• Truly sublime and emotional
• These designers developed a masterful courtyard for contemplation, grieving, and easing stress for the occupants of the hospital
Memphis Slim Collaboratory (Memphis, TN)
Architect: brg3s (Memphis)
The historic home of famed blues musician Memphis Slim has been reconstructed into music collaboratory where local artists can work together. Peter Chatman, the famed blues singer and pianist better known as Memphis Slim, drew attention for his punishing performing schedule and unorthodox lifestyle. Extreme poverty characterized much of his life, but also created a personality which was uncommonly resourceful. His life embodied the paradox of his music: hard times and rough experiences were transformed into an upbeat and lively musical energy, the essence of triumph.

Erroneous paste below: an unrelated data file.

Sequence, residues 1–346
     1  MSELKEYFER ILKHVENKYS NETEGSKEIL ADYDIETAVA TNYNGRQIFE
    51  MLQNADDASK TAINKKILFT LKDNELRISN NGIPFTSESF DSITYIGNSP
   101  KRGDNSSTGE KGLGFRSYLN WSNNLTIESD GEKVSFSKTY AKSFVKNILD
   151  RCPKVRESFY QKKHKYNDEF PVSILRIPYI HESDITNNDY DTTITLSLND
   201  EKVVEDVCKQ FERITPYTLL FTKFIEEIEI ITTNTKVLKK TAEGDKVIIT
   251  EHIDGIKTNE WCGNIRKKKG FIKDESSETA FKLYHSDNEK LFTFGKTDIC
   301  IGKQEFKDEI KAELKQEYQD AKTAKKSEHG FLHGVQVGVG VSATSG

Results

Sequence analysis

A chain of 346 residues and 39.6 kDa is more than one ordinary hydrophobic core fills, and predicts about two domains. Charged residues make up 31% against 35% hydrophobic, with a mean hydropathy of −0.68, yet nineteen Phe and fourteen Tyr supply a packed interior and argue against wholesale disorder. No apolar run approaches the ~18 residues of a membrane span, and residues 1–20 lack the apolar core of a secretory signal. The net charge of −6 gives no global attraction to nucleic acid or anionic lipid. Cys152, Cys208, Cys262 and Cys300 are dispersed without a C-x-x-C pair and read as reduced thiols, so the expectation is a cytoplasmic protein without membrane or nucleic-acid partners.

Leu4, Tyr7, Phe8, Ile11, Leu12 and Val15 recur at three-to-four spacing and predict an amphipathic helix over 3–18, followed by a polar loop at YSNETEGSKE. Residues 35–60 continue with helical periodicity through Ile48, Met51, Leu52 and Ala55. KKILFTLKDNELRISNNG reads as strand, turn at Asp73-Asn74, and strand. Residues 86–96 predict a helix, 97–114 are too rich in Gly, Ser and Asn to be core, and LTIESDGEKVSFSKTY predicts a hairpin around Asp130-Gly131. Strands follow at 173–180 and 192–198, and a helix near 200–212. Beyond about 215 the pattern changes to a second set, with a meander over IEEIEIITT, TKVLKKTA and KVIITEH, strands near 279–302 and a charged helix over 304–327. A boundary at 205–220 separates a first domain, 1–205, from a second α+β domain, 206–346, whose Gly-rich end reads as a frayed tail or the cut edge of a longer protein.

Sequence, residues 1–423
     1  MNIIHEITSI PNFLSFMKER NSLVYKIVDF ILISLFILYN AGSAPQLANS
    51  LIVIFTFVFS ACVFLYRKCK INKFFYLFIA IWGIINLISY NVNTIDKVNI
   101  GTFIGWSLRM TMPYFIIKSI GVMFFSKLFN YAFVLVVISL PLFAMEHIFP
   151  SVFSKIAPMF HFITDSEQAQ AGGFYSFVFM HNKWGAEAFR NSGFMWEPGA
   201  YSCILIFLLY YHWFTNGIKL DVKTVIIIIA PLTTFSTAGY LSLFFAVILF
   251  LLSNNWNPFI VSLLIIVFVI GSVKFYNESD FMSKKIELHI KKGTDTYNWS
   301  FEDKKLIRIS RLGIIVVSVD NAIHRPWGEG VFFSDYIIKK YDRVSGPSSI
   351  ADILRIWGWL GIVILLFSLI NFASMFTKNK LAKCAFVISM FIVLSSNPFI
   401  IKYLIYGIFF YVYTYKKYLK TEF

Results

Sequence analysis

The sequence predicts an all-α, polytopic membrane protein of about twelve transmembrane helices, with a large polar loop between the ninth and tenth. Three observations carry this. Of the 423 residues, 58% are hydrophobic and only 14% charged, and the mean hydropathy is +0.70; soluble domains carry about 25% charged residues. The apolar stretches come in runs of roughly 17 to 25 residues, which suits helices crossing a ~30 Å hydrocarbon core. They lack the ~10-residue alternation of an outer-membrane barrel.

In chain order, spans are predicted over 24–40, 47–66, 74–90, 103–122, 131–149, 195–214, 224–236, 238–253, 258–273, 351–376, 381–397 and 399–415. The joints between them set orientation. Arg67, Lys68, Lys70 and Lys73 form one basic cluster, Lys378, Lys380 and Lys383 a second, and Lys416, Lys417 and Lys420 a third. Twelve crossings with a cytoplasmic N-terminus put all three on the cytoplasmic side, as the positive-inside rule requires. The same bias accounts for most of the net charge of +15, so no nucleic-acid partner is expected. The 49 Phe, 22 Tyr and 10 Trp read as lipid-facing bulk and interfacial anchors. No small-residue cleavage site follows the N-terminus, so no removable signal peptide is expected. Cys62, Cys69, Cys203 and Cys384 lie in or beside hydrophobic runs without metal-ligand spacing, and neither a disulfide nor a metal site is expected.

Memphis Slim’s boyhood home is typical of many in the low-income neighborhood in which it is located. The original home reflected the character of the individuals in the community: strength, survival against overwhelming odds, and resourcefulness. The collaboratory embraces those qualities, building a space that will inspire future musicians to achieve despite potential setbacks, while simultaneously engaging the community.
• A tapestry of complexity and contradiction.
• We are excited to see new life brought forward to this historic building without the use of sentimentality or a tax credit aesthetic
• The exterior cladding is intellectual and gives great visual cues to programmatic shifts happening on the interior
• The contemporary use of wood siding and metal sheeting refreshes typical housing materials
The Honor Awards were presented at the AIA Gulf States Region reception in Philadelphia in conjunction with AIA’s National Convention.
More Information, contact: Sheila Leggett /AIA Gulf States Regionfirstname.lastname@example.org